It’s Time for the NBA to Cure the Flopping Epidemic

Photo courtesy of

Photo courtesy of

You can turn on just about any basketball game nowadays, college or professional, and see someone on the court think he is on Broadway and act his way into an offensive foul. It is like it has become an infectious disease that everyone that plays basketball has caught with no known way to cure it.

A flop is, as defined in a press release by the NBA last year:

“…any physical act that appears to have been intended to cause the referees to call a foul on another player. The primary factor in determining whether a player committed a flop is whether his physical reaction to contact with another player is inconsistent with what would reasonably be expected given the force or direction of the contact.”

The key word that I think is missing from this definition is deception. It seems like at least once a game a player tries to intentionally deceive an official to get a call, and why shouldn’t they? What is the punishment for flopping? Right now a first time offender gets fined 5,000 dollars, a second time costs a player 10,000 dollars, third offense is a 15,000 fine, and a fourth offense is a mere 30,000 dollar fine.

For most players these fines are laughable. A slap on the wrist is the best way to describe the fines. Getting a call because of a flop late in the fourth quarter of any game, especially a playoff game, is worth the fine every time. That right there is the problem; there is currently nothing in place to deter players from flopping.

Flopping has become a real problem in basketball, and I have a way for the NBA to fix this disease instantly. Don’t believe me? Look at what rookie P.J. Hairston did the other night which failed miserably.

Sure blame it on Hairston being a naive rookie in the league, and yes he was figuratively slapped on the wrist by the league and fined 5,000 dollars. You could certainly argue the “abuse” he has taken on social media was worse than that fine.

This is just the latest example of a player trying to deceive officials to get a call that could completely change the momentum and outcome of a game. There are many other examples of terrible flops online. Feel free to search those next time you want a good laugh.

The current system in place does not punish the players enough, if at all, and there is currently no reason for players to not try flopping in the fourth quarter of close game in an attempt to get every little edge possible. My proposed system punished players as instantly as possible, and would definitely make players think twice about throwing their head backwards when an opposing player swings their elbows and doesn’t make contact.

The Proposal / Cure

It begins by eliminating whatever you want to call those fines. My proposal punished players within minutes of them committing a flop, and puts that new high-tech Replay Center in Secaucus, New Jersey to work.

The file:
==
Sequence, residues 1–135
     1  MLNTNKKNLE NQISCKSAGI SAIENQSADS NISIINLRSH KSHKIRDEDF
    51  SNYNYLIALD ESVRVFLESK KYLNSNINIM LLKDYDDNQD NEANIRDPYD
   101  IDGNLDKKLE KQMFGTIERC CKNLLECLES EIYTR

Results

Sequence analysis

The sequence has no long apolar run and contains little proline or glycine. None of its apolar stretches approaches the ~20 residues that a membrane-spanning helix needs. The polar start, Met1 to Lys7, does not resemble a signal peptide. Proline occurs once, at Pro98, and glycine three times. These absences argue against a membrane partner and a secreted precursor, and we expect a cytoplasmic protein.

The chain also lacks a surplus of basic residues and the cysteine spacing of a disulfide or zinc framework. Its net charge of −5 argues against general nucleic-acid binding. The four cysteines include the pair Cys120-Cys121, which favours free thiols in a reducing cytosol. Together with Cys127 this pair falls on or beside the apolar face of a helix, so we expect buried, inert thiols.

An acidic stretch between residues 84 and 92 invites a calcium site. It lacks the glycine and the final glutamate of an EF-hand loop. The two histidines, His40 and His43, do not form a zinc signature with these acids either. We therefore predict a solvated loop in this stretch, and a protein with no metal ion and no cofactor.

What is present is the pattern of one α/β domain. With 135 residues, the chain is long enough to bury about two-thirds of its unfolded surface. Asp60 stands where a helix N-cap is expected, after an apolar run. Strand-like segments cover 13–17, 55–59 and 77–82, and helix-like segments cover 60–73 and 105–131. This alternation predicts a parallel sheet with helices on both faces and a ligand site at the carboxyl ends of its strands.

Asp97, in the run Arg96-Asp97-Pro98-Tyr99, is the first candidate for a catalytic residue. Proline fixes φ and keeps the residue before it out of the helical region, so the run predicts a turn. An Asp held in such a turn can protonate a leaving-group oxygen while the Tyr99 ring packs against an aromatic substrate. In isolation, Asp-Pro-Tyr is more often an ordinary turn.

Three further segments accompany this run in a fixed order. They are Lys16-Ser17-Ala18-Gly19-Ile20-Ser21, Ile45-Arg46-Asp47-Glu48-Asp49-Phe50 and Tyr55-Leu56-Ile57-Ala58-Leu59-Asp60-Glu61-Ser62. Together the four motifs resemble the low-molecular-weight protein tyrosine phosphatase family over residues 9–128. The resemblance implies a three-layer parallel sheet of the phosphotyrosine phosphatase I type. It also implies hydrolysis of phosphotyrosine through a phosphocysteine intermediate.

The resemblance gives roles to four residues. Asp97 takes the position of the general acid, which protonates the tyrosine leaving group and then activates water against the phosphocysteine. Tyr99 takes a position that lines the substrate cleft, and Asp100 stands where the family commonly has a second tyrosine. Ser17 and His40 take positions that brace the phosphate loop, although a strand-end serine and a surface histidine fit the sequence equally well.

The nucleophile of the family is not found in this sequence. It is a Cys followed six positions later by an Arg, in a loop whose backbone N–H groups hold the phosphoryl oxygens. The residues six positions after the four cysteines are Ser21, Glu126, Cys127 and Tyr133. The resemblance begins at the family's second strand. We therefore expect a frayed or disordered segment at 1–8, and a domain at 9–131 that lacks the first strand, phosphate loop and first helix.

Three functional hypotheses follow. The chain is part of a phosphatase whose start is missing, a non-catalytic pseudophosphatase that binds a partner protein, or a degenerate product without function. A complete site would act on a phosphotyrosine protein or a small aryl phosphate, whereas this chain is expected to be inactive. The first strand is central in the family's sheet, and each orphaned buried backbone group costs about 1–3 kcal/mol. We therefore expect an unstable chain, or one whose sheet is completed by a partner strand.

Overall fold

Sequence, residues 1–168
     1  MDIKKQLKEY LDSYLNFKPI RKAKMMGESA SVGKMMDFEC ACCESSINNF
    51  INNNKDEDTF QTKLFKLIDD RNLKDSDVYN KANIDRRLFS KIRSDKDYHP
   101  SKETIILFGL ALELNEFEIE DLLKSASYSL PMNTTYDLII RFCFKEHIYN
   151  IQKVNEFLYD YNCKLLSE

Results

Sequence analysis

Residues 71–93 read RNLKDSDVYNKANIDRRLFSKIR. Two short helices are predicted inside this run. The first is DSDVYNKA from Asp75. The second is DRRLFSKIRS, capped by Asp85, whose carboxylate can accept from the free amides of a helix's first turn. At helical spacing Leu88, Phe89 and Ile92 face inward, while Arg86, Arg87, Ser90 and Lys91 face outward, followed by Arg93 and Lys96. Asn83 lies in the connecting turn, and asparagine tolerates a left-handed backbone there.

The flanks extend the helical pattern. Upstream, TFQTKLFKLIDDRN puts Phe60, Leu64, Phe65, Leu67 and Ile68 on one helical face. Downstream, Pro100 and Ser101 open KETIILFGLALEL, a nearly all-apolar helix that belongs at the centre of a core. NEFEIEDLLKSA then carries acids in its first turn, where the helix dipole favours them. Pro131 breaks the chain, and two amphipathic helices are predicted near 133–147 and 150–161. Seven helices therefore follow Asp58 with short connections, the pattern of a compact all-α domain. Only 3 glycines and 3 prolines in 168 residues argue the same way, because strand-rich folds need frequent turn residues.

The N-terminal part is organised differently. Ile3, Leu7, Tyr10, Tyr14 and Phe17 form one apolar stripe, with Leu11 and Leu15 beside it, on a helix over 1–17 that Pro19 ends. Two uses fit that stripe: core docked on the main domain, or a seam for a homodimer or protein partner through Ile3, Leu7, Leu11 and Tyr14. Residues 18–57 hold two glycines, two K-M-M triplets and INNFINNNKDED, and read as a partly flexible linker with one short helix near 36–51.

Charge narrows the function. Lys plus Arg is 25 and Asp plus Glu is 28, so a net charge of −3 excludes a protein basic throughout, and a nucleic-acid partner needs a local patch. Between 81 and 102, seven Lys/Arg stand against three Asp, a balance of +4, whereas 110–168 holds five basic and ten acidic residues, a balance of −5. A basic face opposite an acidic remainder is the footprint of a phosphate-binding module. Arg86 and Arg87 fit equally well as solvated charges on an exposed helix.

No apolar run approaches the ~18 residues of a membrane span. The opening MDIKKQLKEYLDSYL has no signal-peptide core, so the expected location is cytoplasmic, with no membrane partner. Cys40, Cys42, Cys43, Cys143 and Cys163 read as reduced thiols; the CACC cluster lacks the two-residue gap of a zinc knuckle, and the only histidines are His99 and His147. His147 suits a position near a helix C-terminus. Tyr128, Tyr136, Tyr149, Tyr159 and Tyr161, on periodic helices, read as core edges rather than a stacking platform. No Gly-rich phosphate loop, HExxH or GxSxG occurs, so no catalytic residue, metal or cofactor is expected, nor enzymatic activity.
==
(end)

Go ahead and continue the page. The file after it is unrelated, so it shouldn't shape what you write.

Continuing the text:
The official who sits at the scorers table (or an additional league employee) would be responsible for keeping an eye out for potential flops. The refs can work with this person and literally just shoot this employee a look when a flop might have occurred, they are pretty noticeable.)

When anything that looks like a flop occurs, this employee at the scorer’s table messages the NBA Replay Center to notify them to look at the previous play. The Replay Center could take a few minutes to get some replays together to look at the play in question. If there is clear and conclusive evidence (just like the NFL) that contact was not made and a player flopped, the Replay Center messages back to the employee in the arena.

The next stoppage in play (when the refs would come over to the scorer’s table anyway) the refs are notified that player so-and-so flopped when he was guarding so-and-s0. The flopper is notified that he flopped and gets a technical foul while the “floppee,” if called for an offensive foul, gets that foul back.

Since we are at a stoppage in play, the “floppee’s” team gets a technical free throw (remember the flopper just got a tech) and the basketball just like after a regular technical or flagrant foul. That technical foul on the flopper also counts towards the “two technicals in one game and your ejected” rule.

Following the technical the team who just shot the free throw gets possession and the game continues. This is a quick process mainly because the review of the play in question happens off-site while the game continues to go on. I would imagine most of the time the Replay Center can decide and get the call in to the arena within a matter of minutes.

How feasible or realistic this is, but it would definitely deter players and make them think twice about flopping and trying to deceive the officials to gain an advantage for their team. So the next time you see a player clearly flop after the one replay we get on TV, think about how differently the outcome of that game would of been if a better system of punishment had been in place. Oh yeah, you can also think about how little the 5,000 fine they are going to get the next day matters to that player.

Leave your comments on what you think about my proposal below, or tweet them at me @JosephZocco.

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